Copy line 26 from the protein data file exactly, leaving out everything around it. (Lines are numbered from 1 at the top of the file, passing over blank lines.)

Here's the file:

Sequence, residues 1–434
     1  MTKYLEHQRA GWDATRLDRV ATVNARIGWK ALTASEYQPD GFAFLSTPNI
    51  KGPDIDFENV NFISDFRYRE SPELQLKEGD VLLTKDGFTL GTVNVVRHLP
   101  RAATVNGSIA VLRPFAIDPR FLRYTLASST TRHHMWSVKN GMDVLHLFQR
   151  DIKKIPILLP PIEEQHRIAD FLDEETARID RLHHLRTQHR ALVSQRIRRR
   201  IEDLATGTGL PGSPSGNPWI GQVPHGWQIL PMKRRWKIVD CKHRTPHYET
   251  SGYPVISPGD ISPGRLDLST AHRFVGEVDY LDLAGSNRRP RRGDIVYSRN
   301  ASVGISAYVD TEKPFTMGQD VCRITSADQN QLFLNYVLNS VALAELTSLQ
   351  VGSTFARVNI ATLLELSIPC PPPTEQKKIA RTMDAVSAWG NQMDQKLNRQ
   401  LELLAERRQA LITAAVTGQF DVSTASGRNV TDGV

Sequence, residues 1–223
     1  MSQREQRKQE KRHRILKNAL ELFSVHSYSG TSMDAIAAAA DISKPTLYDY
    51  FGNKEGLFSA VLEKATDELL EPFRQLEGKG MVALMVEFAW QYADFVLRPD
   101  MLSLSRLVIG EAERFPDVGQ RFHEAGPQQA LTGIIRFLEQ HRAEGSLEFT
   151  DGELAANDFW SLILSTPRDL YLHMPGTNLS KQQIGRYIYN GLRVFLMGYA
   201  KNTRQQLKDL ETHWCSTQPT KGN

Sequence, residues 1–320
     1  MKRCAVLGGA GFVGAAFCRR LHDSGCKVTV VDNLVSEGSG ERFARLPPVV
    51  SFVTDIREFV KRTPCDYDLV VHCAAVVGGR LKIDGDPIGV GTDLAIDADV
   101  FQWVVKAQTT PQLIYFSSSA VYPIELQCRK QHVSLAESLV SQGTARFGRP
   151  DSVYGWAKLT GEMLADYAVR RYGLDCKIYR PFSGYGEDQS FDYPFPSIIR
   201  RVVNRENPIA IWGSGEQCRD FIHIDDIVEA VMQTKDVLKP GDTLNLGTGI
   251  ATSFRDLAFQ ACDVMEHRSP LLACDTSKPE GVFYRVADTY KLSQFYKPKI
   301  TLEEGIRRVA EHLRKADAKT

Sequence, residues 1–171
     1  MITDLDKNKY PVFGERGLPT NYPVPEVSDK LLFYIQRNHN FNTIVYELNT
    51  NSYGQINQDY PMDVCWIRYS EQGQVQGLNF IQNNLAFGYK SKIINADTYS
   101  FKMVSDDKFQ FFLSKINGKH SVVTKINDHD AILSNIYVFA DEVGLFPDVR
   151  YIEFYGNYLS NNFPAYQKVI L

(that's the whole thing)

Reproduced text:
     1  MITDLDKNKY PVFGERGLPT NYPVPEVSDK LLFYIQRNHN FNTIVYELNT